How Matt Crossman got a non-entry level job due to CM Life
In a series of interviews, we asked our Alumni about their experiences at CM Life. Read on to see how Matt Crossman shares his "Life Story."
In celebration of CM Life's upcoming 100 Year Anniversary, we asked alumnus Matt Crossman to reflect on his time at CM Life and how it helped his get prepared for the job he has today.
Q: What year did you begin working at CM Life?
A: The fall of 1992.
Q: How long were you here?
A: Two school years
Q: What position did you work in?
A: Reporter, assistant news editor and news editor
Q: What were some of the highlights or favorite memories while working for CM Life?
A: Most of them involve either Jim Wojcik or gatherings at The Bird after closing the paper.
Like probably every one in that era, I was terrified of Woj at first. But once I got to know him, he became the single most important person of my career. I’ve told this story 1,000 times, let’s make it 1,001 …
I was a senior, a month or so from graduation, and still jobless. Woj called me into his office at CM Life in Anspach Hall and told me there was a job opening at The Daily Telegram in Adrian, Michigan, and that it was sure to be the best opening available during my search.
It was so long ago (1994) that I sent my resume and clips via snail mail, with hard copy, stamps, and everything. I waited a few days, and then called the editor of The Daily Telegram, a man named Roger Hart, who unbeknownst to me at the time, also was a CM Life alum. Roger, who now has been my friend for almost 25 years, told me I was not even a candidate for the job because he was not considering entry-level applicants. Cocky punk that I was, I stormed into Woj’s office and let him have it.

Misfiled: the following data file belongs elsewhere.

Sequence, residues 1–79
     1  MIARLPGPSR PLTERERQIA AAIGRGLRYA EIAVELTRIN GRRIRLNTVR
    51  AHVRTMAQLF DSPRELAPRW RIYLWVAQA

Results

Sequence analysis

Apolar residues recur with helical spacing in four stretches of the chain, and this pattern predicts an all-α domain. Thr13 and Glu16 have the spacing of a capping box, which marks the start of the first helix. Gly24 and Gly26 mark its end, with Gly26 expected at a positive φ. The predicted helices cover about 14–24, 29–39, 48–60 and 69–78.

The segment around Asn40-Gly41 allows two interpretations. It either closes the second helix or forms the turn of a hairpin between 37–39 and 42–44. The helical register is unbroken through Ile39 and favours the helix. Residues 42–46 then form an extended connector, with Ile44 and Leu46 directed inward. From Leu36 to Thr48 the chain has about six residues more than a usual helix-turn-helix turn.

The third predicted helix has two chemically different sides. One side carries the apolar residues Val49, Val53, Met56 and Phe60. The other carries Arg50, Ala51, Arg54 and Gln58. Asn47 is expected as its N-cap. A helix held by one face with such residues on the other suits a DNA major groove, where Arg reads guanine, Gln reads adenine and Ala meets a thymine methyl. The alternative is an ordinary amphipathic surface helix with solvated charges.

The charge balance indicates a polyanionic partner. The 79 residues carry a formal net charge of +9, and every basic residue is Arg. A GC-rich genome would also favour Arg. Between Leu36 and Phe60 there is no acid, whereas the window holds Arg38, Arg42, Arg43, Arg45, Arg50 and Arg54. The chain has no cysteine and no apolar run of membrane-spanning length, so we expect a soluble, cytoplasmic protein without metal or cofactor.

“Why did you get me all excited for that job? It’s not even entry level!”
He set down his pipe, took a swig of Tab (at least in my idyllic memory, that’s what he did) and said, “Who told you that?”
“You just let me make a phone call.”
A few days later, I had an interview with Roger, and a few days after that, I had the job.
Q: How did your experience at CM Life influence your career?
A: When I started my career a few days after graduating, the leap to the real world, as far as work goes, really wasn’t that big of a deal. I had learned how to do the job at CM Life. I was nervous, of course, because I wanted to succeed. But I felt completely prepared to ask questions, write down answers, and turn that into a story. On my first full day at work, there was a house fire in my coverage area. I had never written a house fire story before, and I can remember being a little nervous as I started working on it. But, I reassured myself my remembering I had written a zillion other stories at CM Life, so I could write this one, too.
Q: Do you still keep up with CM Life regularly?
A: I read cm-life.com every now and then. Dave Clark and I worked at Life together a million years ago, and again in a professional setting a few years after that. Plus, I’m curious about what’s going on at Central/in Mount Pleasant, how the “kids” cover it, etc.
Q: Where do you work now?
A: I am a freelance writer based in St. Louis, Missouri. I write essays, profiles and travel and adventure feature stories for a variety of publications.
Q: What advice would you give to current CM Lifers?
A: However much you drink, cut it at least in half. This only applies if you plan a career in journalism: Don’t tell your parents or professors I said this, but if you worry about your grades, stop. Do well for the sake of doing well. Make sure you earn enough credits to graduate. If you want to go to graduate school, get good enough grades to keep going. But no editor will ever care, know or ask if you got good grades. They will care if you can do the work. You will learn that at CM Life more than you will learn it in class. Start your career at as small a paper as you can. You will want to do the opposite. But you will learn more, do more, and grow more if you do start small. Granted, how much money you make and where you will live will be issues. But it’s much better to start out small and move up. Find a writer(s) you admire and copy him /her/them. Think long and hard and deeply about what you want out of life. If you want “things”—nice car, nice house, nice TV, retirement savings, etc.—this probably isn’t the profession for you.
The 100 Year Anniversary celebration will be at Soaring Eagle Casino and Conference Center on Nov. 16 at 5 p.m. Click here to purchase tickets. They must be purchased by Nov. 13 at 4 p.m. in order to attend.